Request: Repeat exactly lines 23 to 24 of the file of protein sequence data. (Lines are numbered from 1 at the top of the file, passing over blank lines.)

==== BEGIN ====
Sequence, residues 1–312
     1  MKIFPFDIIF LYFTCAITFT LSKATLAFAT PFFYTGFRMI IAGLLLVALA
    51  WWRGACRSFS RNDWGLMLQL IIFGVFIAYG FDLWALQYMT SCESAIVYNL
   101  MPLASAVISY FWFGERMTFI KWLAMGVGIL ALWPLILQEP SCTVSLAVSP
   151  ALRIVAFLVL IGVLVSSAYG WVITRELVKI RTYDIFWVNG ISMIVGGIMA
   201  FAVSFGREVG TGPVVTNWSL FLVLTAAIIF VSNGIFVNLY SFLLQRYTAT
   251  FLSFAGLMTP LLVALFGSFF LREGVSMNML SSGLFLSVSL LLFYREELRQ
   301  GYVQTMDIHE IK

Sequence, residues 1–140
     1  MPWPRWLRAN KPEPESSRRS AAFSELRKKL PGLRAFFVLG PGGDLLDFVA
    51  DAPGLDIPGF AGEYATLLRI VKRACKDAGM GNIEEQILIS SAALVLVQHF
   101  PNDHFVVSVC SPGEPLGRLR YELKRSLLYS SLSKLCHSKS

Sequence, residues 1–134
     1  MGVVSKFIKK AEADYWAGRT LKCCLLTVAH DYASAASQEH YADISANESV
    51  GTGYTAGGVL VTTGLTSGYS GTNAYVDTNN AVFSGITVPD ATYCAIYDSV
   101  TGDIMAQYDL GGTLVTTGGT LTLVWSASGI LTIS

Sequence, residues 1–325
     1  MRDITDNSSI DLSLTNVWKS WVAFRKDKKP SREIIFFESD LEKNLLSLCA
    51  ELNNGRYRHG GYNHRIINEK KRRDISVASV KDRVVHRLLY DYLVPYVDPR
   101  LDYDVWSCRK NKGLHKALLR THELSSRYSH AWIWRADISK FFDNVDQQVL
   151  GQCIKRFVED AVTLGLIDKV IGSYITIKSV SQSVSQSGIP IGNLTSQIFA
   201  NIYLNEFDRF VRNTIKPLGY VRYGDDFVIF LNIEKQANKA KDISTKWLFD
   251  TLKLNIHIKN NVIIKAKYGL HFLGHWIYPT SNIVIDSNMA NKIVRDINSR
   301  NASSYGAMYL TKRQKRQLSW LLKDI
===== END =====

   251  TLKLNIHIKN NVIIKAKYGL HFLGHWIYPT SNIVIDSNMA NKIVRDINSR
   301  NASSYGAMYL TKRQKRQLSW LLKDI